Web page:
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Na+/K+ channels maintain the resting potential with other sodium and potassium channels. Then what are these "Leak" channels? are they the same Na+/K+ pump in a special condition? If so, what is it?Source: Guyton and Hall- Textbook of Medical Physiology

Source of Image: Guyton and Hall- Textbook of Medical Physiology

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    $\begingroup$ Pumps are active transporters, channels are passive. They're different proteins altogether. $\endgroup$ – AliceD Jan 6 '17 at 16:44
  • $\begingroup$ @Christiaan my doubt is that the image shows same/similar proteins. What are they? Same or similar? $\endgroup$ – YAHB Jan 6 '17 at 16:46
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    $\begingroup$ I agree with @Christiaan because there is a huge difference between a pump and a channel. If you want to check the difference you can simply google it or check what the wiki says about that difference. $\endgroup$ – The_Mad_Fish Jan 6 '17 at 17:30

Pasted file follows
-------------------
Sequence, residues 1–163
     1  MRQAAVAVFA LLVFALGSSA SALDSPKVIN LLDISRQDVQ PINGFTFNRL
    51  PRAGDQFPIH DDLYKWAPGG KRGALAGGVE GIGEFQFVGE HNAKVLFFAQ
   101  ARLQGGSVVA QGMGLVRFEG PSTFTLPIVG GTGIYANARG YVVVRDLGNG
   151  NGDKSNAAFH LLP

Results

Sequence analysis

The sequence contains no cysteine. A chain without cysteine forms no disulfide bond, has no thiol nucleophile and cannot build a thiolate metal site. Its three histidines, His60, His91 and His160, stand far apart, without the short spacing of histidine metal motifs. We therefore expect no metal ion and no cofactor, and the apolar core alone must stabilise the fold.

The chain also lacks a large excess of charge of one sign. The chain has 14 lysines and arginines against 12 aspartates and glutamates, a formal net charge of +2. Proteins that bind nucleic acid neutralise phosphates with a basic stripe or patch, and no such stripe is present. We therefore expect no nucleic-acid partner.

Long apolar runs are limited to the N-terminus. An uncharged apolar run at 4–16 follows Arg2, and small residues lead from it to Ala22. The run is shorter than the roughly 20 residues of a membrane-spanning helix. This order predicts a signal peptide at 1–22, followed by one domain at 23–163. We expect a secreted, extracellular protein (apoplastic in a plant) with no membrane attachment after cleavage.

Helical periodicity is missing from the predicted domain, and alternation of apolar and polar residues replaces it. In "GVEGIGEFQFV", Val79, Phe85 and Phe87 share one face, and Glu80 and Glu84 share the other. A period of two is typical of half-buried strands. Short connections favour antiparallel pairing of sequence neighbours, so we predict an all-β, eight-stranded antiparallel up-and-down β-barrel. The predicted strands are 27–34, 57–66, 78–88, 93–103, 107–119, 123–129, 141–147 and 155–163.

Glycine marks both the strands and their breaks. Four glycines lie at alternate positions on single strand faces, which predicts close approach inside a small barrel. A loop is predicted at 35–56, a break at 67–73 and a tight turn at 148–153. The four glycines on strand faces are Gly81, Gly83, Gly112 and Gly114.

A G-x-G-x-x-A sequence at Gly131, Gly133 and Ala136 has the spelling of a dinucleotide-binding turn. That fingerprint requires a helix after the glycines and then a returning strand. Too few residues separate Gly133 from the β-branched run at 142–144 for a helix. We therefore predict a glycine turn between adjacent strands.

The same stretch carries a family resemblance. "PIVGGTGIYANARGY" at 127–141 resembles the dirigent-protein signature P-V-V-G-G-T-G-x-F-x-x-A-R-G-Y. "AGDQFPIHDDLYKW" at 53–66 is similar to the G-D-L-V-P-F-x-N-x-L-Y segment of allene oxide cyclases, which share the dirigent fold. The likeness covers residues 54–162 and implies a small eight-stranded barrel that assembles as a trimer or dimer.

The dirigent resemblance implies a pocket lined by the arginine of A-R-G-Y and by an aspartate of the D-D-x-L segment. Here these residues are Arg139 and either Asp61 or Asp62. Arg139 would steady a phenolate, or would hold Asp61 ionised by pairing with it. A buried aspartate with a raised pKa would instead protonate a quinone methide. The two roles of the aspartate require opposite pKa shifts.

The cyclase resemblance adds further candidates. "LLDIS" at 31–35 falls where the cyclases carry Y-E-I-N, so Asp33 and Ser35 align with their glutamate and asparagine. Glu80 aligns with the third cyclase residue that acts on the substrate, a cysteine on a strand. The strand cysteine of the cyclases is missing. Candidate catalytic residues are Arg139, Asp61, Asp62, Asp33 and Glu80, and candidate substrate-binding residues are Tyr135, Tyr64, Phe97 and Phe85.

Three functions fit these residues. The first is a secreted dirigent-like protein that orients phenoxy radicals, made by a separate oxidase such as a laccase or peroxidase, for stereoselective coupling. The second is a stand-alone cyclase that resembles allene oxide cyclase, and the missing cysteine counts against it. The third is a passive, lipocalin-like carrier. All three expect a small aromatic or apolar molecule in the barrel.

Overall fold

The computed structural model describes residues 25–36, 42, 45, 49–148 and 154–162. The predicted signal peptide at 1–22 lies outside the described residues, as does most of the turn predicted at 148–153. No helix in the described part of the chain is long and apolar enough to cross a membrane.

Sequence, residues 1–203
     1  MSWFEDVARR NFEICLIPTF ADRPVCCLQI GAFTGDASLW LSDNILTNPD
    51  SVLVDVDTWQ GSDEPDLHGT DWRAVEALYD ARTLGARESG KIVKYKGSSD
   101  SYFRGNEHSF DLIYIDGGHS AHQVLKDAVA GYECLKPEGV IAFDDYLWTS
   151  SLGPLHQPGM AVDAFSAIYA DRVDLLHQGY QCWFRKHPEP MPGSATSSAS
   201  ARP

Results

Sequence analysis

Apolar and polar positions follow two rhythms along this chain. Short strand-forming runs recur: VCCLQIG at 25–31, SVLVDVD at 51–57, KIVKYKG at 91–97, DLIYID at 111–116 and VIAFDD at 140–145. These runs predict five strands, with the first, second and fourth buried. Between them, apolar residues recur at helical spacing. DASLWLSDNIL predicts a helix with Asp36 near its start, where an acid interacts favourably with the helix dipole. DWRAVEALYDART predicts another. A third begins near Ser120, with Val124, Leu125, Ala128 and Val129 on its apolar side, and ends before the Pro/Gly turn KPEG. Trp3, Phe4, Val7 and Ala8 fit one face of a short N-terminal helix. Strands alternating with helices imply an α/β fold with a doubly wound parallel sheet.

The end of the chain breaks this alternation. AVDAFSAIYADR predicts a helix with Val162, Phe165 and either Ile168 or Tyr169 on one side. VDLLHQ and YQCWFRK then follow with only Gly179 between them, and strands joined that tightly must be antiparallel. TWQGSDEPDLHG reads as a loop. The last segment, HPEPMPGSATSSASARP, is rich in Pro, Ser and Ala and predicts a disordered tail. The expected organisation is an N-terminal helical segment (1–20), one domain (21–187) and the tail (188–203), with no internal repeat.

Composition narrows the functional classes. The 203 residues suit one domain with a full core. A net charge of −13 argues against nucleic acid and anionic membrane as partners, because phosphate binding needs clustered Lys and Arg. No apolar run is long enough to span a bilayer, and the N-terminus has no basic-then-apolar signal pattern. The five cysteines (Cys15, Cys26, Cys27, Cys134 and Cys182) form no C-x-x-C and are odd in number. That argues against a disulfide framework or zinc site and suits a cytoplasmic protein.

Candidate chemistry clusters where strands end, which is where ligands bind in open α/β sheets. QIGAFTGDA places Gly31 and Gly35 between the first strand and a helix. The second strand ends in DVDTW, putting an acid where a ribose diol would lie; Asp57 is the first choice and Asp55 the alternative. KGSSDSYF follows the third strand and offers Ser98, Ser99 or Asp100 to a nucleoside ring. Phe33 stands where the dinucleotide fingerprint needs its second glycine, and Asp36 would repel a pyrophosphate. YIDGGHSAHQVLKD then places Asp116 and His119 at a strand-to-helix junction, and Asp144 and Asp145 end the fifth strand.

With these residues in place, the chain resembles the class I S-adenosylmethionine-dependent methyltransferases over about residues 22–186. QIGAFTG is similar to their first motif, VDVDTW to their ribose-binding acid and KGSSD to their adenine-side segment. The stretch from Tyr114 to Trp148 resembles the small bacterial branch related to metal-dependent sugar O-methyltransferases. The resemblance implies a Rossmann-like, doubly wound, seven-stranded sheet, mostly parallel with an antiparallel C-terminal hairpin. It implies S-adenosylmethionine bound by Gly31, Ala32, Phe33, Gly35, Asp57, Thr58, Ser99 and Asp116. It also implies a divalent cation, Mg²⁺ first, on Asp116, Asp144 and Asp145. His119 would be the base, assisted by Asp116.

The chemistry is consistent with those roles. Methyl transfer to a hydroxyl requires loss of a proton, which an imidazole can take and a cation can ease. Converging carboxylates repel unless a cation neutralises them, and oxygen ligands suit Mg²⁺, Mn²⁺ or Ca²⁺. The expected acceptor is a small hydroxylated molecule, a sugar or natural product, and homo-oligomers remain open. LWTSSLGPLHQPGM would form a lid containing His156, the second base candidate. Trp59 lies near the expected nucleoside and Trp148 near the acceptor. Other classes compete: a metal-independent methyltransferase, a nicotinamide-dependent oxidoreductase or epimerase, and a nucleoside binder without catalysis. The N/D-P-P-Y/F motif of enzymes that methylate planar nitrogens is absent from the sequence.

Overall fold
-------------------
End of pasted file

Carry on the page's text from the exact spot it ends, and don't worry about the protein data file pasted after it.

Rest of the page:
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Below is the structure of a Na+/K+ ATPase, i.e., the sodium/potassium pump shown on the left in your figure:

Na+/K+ ATPase

(image from here)

Compare to the structure of a potassium leak channel (the type of channel depicted on the right in your question):

2-pore potassium channel

(see this publication; image from here)

It's clear they are quite different beasts, without much similarity at all besides both being membrane proteins with several transmembrane domains, which is a characteristic they share with countless other proteins with an incredibly wide range of functions.

The only similarity the pictures from your textbook are meant to convey is that they are both membrane-bound proteins and that they accommodate Na+ and K+; besides that, they are completely different. The figure clearly shows a different mechanism of transport, and the remaining similarity is just from the very abstract way that they are represented.

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